A VPN does not provide any anonymity guarantees.  Full stop.  For anonymity protections, use Tor.

A VPN may provide some privacy protections.

In general, US persons today on residential broadband are safest not using a VPN.  This may be changing, hence the renewed interest.  Still, this is the status quo.

My advice, if you are concerned about changing US residential broadband privacy rules:

Call your Representative.  Tell them to oppose Senate Joint Resolution 34.  You can find their number and a script if you put your ZIP code in at the linked site. The House votes Tuesday, March 28 (two days from today, as I write this).  This is the single biggest thing you can do to protect your Internet privacy today.  (Yes, you’re calling your Representative to ask them to oppose a Senate resolution.)

If S.J. 34 passes the House and is signed into law by President Trump, you may still be safer not using a VPN.  Ask your residential broadband provider to guarantee in their Terms of Service that they will not sell your internet connection history, or derived products of it, to third parties for marketing purposes.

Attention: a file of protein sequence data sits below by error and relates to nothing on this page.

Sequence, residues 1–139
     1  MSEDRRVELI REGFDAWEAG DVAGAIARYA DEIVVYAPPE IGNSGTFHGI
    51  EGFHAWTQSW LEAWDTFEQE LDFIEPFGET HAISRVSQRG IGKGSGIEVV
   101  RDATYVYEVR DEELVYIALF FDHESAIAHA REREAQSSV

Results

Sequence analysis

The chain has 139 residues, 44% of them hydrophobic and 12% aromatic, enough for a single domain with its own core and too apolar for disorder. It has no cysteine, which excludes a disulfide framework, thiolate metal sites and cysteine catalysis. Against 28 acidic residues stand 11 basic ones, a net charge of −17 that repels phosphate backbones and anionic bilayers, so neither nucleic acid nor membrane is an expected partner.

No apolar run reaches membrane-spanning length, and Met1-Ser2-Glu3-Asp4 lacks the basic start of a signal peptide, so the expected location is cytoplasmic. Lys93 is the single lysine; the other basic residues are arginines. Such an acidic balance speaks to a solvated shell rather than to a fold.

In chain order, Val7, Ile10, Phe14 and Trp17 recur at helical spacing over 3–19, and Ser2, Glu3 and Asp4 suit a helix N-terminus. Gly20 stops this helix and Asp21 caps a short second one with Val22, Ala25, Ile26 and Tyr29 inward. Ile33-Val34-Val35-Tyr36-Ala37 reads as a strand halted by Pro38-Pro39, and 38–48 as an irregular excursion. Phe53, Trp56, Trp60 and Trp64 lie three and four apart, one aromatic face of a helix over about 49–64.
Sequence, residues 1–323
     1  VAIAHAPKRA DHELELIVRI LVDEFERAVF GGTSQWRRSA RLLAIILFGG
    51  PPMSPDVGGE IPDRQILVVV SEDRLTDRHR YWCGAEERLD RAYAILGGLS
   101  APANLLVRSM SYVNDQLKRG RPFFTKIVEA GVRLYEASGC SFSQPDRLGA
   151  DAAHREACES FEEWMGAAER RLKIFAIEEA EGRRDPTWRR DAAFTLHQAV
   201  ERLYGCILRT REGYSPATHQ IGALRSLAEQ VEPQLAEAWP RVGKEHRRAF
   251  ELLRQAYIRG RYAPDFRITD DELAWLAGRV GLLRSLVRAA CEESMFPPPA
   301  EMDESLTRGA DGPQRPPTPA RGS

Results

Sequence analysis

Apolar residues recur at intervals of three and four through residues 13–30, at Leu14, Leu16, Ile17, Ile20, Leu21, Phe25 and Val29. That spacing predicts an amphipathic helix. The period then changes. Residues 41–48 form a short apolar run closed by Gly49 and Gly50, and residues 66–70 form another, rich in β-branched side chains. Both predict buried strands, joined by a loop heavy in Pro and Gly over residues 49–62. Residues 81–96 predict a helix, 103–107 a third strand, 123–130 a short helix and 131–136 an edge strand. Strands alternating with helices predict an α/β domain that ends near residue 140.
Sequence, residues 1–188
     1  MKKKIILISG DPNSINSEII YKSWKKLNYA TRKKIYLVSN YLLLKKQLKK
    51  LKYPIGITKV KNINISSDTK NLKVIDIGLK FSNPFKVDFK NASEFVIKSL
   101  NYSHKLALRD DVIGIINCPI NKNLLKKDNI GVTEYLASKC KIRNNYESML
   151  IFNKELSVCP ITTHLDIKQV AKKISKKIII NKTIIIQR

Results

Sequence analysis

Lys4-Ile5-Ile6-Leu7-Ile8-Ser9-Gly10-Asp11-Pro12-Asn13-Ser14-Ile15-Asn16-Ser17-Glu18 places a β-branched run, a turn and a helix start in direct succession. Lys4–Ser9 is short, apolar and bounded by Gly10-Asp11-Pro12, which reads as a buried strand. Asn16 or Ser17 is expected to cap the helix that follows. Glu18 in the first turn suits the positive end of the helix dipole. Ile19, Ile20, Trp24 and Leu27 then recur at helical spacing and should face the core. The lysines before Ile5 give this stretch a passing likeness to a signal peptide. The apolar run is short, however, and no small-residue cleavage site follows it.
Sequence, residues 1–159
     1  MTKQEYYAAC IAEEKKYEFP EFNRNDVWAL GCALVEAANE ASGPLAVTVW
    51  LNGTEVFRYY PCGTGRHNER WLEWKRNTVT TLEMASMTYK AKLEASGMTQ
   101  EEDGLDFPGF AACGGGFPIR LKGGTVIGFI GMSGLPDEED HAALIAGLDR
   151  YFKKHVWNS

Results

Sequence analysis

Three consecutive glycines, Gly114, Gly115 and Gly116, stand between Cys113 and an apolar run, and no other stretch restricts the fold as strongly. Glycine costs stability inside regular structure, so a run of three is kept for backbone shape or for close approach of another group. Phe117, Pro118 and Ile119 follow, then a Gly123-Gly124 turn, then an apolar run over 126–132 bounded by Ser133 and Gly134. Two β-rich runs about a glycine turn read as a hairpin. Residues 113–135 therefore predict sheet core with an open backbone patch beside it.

If your residential broadband provider won’t do that, should you use a VPN? Maybe. There are a number of caveats to keep in mind, though.

It is hard to verify that VPNs provide the protections that they claim to.  Very few of them have seen third-party security audits, and even the best such audit can only provide so much assurance.  All software has bugs, all systems have failure modes, and any one could make moot the privacy protections the VPN service claims to provide.

It is easy to verify that some VPN services cannot meet their claims, and most VPN services are terrible.

That said, if you decide you want to use a VPN:

Don’t ever use a free VPN service.  If you’re not paying, you’re not the customer, you’re the product.  The whole point of the concern over broadband privacy is that you don’t want to be the product.

Don’t expect a VPN to protect you from law enforcement.  That’s not their job.

Don’t use VPN services which advertise BitTorrent anonymity or content geolocking circumvention.  Whatever your views on its ethics and morality, copyright infringement is a crime in the US, and a VPN provider which will turn a blind eye to crimes committed by its users is likely to commit a few of its own.